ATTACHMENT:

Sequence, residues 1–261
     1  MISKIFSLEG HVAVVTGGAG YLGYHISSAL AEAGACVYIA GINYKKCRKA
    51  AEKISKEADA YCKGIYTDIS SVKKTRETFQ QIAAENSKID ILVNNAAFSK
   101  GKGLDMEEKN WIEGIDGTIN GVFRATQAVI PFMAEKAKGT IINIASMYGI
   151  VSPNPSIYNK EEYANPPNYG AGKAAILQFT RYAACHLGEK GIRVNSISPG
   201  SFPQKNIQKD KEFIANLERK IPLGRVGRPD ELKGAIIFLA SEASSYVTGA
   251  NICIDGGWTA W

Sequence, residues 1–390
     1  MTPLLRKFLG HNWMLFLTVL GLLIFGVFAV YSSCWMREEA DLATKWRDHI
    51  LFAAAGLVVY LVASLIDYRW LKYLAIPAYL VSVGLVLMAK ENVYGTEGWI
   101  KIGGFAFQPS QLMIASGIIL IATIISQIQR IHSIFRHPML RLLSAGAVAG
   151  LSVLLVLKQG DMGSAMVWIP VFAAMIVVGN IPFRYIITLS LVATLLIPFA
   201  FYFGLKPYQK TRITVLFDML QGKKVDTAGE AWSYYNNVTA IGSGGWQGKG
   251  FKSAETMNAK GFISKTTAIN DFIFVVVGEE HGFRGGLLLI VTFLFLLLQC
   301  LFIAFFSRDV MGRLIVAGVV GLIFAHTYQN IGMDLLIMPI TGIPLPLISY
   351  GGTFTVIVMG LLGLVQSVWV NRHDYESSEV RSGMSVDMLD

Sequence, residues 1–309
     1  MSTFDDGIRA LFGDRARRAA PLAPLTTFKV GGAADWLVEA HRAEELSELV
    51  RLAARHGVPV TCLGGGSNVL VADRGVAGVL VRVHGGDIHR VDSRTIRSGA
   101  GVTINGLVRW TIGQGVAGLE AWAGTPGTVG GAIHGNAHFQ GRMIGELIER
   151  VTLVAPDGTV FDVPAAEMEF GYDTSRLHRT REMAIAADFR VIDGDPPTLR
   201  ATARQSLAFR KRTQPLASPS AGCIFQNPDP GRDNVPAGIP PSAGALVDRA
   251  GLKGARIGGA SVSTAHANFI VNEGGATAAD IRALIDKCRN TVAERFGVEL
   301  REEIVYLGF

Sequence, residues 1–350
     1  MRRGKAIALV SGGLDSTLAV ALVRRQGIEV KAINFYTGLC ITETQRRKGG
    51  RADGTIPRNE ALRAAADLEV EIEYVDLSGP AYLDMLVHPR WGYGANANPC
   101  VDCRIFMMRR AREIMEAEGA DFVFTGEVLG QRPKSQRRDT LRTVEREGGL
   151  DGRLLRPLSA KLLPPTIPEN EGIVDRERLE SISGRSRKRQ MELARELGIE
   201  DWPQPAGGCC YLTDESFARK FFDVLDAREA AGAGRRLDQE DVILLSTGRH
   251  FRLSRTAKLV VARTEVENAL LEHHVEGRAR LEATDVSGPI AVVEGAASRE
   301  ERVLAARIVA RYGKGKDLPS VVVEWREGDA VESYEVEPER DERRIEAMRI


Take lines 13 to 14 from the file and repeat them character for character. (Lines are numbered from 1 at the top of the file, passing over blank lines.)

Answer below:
   201  FYFGLKPYQK TRITVLFDML QGKKVDTAGE AWSYYNNVTA IGSGGWQGKG
   251  FKSAETMNAK GFISKTTAIN DFIFVVVGEE HGFRGGLLLI VTFLFLLLQC